London has announced it would send two patrol vessels to the island of Jersey in the English Channel as a “precautionary” measure as French fishermen threaten to block its port amid a row over fishing rights.
The standoff between Jersey and Paris over providing French vessels with fishing rights in the island’s waters took a new turn this week as French fishermen threatened to block Saint Helier – the isle’s main harbor.
In response, Prime Minister Boris Johnson on Wednesday ordered two patrol warships into the area, following talks with the Jersey officials.
“The Prime Minister underlined his unwavering support for Jersey. He said that any blockade would be completely unjustified. As a precautionary measure the UK will be sending two Offshore Patrol Vessels to monitor the situation,” Downing Street said on Wednesday.
Having discussed the potential blockade with the Chief Minister of Jersey, Senator John Le Fondre, and the island’s Minister of External Affairs, Ian Gorst, Johnson called for the urgent de-escalation of tensions around the island and urged all sides to engage in dialogue.
My thanks to Prime Minister @BorisJohnson for his support and reassurances during our discussion this evening. We will continue to work closely with the UK Government in order to resolve the current challenges diplomatically and avoid any unnecessary escalation— Senator Ian Gorst (@Ian_Gorst) May 5, 2021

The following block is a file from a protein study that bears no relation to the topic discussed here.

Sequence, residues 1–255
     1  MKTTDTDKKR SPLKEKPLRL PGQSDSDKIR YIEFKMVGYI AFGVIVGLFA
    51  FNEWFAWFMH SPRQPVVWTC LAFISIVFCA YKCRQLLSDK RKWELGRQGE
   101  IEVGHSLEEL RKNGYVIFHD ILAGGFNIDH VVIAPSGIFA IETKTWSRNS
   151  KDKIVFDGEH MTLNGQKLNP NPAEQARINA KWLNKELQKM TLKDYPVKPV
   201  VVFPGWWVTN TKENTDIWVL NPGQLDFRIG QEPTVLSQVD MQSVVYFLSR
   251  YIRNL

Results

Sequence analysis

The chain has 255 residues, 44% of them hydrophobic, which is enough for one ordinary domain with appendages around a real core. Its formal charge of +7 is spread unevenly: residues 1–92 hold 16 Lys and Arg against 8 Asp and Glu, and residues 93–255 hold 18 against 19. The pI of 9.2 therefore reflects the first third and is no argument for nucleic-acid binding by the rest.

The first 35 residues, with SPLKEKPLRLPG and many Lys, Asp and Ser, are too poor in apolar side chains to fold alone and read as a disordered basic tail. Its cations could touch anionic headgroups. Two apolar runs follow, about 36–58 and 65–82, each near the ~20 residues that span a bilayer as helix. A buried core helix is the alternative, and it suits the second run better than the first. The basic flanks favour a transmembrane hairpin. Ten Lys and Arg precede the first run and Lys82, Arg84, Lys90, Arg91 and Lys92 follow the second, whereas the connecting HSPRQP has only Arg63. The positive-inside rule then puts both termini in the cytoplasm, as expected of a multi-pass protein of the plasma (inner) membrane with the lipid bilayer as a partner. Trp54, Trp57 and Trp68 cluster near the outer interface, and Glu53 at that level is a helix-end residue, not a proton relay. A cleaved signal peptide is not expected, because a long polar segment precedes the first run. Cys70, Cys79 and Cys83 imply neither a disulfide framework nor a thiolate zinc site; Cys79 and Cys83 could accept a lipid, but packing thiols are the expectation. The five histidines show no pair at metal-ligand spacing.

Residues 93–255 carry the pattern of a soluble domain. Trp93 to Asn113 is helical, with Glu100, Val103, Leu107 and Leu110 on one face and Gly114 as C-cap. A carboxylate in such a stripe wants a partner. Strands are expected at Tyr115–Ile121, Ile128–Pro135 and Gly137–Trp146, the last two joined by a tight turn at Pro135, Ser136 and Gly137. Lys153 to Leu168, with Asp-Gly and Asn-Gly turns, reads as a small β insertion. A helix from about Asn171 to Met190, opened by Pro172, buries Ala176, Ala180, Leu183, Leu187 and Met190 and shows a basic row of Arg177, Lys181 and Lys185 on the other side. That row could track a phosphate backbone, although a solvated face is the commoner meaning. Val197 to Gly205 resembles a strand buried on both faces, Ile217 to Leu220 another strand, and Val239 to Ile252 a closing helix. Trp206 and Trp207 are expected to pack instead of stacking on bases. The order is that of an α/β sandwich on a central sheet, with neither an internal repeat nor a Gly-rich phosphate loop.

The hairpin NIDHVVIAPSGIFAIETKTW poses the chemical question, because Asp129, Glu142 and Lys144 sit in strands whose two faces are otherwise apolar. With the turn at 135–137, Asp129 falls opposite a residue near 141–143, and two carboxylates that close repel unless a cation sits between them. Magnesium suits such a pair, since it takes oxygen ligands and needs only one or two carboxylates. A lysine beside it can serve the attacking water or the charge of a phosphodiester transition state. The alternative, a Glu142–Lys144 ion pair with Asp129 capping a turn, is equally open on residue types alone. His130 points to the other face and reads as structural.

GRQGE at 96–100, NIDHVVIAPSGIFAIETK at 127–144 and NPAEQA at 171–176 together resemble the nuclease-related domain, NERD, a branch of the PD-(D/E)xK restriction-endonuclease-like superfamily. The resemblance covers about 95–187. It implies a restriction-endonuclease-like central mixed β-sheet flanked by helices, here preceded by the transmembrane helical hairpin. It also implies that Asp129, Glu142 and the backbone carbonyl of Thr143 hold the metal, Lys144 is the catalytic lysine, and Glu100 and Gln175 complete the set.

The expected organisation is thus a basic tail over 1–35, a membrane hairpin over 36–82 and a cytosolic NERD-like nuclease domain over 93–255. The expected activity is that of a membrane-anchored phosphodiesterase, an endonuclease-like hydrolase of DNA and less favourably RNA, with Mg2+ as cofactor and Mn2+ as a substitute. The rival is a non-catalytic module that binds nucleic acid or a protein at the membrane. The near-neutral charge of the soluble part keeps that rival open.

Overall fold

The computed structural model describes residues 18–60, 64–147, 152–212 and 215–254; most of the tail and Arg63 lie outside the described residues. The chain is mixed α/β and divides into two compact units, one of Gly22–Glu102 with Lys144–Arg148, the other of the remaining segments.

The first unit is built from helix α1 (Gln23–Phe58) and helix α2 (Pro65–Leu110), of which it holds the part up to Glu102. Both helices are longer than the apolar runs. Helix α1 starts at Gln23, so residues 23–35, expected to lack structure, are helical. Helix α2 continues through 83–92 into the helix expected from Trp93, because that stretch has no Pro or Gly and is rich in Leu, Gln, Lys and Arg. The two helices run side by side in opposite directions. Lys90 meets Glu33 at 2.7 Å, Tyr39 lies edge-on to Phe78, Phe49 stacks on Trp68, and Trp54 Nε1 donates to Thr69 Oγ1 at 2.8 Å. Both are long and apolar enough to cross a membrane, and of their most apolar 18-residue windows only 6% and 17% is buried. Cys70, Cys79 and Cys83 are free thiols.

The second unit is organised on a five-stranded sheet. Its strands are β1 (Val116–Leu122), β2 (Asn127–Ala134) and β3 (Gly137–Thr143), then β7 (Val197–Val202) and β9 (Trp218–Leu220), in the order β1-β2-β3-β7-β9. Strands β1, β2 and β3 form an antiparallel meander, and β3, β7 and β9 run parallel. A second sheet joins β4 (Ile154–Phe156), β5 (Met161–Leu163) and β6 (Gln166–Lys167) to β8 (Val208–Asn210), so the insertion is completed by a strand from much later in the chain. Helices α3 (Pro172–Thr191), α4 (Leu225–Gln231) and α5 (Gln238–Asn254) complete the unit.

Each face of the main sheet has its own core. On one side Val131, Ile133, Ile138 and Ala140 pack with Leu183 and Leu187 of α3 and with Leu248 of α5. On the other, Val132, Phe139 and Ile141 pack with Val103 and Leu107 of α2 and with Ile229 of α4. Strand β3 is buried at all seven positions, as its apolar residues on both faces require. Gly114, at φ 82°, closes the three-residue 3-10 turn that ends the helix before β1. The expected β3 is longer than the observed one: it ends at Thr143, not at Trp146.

French fishermen have vowed to blockade the main harbor of the island – which receives a significant amount of its essential supplies by sea – in order to cut off deliveries if their fishing rights are not granted. France accuses Jersey authorities of unfairly blocking French vessels from accessing its waters. The row ignited last week after a new post-Brexit regulatory regime came into force.
French fishermen have complained that they’ve struggled to obtain new licenses to fish UK waters since Brexit. French Maritime Minister Annick Girardin argued that the new licenses include unilaterally imposed conditions, such as limits on how much time they spend in the waters off Jersey.
The island authorities maintain that they merely enforce the rules agreed by London and Brussels, adding that some of the French vessels did not provide the necessary documents for their fishing rights to be renewed. The island has already granted access to its waters to 41 French boats. Another 17 did not get the licenses.
The tensions have been running high for quite some time already, as France has even threatened to cut off the island’s electricity. In 2019, Jersey received 95% of its energy from France through underwater cables.
The island authorities called the threat “disproportionate.” France also warned it would be “brutal and difficult” unless its boats get the access to the fishing waters. London blasted these statements as “surprising and disappointing, especially from a close neighbour.”
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